Appeals court orders Bonds' trainer back to prison
SAN FRANCISCO -- A federal appeals court ruled Thursday that Barry Bonds' personal trainer must return to prison for refusing to testify before a grand jury investigating performance-enhancing drugs in professional sports.
Greg Anderson, 40, already has served two other brief prison stints for refusing to testify whether his boyhood friend lied when he said he never knowingly used steroids. Both times, Anderson, held in contempt of court, was released on procedural grounds.
Anderson must report to the Federal Correctional Institution in Dublin by Nov. 20 and could serve more than a year behind bars unless he agrees to tell the grand jury what he knows about Bonds' alleged steroids use.
The San Francisco Giants slugger, who's now a free agent, told a 2003 grand jury that he believed Anderson had provided him flaxseed oil and arthritic balm, not steroids.
Anderson's attorney Mark Geragos could not immediately be reached for comment.
Federal prosecutors believe Bonds committed perjury in 2003 when he appeared before another grand jury that was investigating the Bay Area Laboratory Co-Operative, which turned out to be a steroids ring.
Anderson was convicted in the BALCO probe, pleading guilty to steroid distribution and money laundering charges. He served three months in jail.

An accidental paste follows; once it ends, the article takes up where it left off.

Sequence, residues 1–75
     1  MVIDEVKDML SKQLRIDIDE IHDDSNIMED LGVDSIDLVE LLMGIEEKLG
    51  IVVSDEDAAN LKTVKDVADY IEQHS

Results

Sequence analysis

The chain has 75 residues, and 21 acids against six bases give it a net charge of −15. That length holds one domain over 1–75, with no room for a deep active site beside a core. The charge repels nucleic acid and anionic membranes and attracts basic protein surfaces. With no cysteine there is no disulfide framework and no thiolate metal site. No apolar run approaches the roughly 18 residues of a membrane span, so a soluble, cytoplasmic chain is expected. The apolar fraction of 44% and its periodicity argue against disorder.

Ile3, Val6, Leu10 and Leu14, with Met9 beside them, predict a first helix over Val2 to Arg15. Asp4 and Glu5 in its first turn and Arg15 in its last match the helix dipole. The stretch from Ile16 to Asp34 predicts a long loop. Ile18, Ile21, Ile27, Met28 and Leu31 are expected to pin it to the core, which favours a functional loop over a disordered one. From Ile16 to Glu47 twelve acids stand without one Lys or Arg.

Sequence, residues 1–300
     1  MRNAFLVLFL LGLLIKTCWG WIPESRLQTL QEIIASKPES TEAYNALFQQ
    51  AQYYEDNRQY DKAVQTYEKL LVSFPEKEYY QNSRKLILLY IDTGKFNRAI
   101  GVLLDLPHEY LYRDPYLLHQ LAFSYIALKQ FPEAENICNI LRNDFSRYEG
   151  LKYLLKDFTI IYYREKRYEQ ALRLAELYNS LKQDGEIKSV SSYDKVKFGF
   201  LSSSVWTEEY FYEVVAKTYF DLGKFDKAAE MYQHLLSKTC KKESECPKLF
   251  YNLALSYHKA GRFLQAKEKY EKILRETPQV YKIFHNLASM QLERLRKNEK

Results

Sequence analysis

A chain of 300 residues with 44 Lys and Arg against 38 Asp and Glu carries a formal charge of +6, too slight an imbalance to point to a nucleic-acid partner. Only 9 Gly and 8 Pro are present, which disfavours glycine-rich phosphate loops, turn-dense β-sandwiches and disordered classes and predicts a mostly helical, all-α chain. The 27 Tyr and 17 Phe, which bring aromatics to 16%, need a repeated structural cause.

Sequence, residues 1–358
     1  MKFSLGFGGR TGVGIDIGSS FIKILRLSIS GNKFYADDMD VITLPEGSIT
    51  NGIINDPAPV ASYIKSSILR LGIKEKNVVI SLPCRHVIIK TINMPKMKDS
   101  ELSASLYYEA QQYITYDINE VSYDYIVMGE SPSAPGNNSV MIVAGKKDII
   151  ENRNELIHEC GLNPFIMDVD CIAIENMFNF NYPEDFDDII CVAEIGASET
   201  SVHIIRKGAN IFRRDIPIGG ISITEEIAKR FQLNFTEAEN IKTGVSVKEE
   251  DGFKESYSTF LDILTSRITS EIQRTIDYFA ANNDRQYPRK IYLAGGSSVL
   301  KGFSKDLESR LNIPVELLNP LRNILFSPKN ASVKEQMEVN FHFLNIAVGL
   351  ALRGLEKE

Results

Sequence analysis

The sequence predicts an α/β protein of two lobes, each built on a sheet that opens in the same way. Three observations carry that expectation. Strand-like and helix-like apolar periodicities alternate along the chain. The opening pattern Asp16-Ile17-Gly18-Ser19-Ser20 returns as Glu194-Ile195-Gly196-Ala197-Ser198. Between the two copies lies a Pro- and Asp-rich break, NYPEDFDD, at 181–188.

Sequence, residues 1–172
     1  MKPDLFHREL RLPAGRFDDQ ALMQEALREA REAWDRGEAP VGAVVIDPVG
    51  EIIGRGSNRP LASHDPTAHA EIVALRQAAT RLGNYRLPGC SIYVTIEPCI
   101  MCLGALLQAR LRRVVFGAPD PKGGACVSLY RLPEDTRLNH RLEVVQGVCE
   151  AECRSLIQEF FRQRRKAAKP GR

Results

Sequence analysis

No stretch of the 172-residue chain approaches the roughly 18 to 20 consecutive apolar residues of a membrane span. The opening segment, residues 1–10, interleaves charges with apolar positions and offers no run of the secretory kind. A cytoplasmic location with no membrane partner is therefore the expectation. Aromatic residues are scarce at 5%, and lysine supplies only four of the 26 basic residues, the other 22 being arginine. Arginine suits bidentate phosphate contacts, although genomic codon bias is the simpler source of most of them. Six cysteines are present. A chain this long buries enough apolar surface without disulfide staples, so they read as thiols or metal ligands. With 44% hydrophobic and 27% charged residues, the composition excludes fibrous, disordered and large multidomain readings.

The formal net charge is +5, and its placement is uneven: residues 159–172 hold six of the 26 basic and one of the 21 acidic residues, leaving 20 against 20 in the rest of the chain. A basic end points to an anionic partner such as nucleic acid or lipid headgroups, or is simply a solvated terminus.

In July, Anderson served 15 days in prison for refusing to talk to the grand jury looking into Bonds' testimony but was released when the panel's term expired. He was held in contempt a second time after a new grand jury was formed but got out of prison after 37 days when the 9th U.S. Circuit Court of Appeals failed to uphold the citation within 30 days as the law requires.
Geragos argued Anderson shouldn't have to testify about whether he gave Bonds steroids, contending prosecutors illegally recorded him in 2004 on a tape in which Anderson is overheard discussing steroids.
Prosecutors say the recording was made during a face-to-face meeting and wasn't obtained improperly. A lower court judge ruled the recording, which was made by an unidentified person, was legal and did not prejudice the grand jury against Anderson, as Anderson claimed.
The San Francisco-based appeals court agreed Thursday with the lower court, ruling there was ample evidence beyond the tape to justify the grand jury's interest in questioning Anderson about Bonds.
Prosecutors said the questions they want answered are based on athletes' secret testimony in the BALCO case and a search of Anderson's house that turned up drug records, some with Bonds' name on it.
Other than the tape dispute, the appeals court already had rejected the merits of Anderson's appeal. Among them, Anderson said his BALCO plea deal prevented him from cooperating with the government's steroid investigation.
The BALCO probe has netted five convictions and a pending indictment of Trevor Graham, track coach to Justin Gatlin, Tim Montgomery and Marion Jones and others.
Copyright 2006 by The Associated Press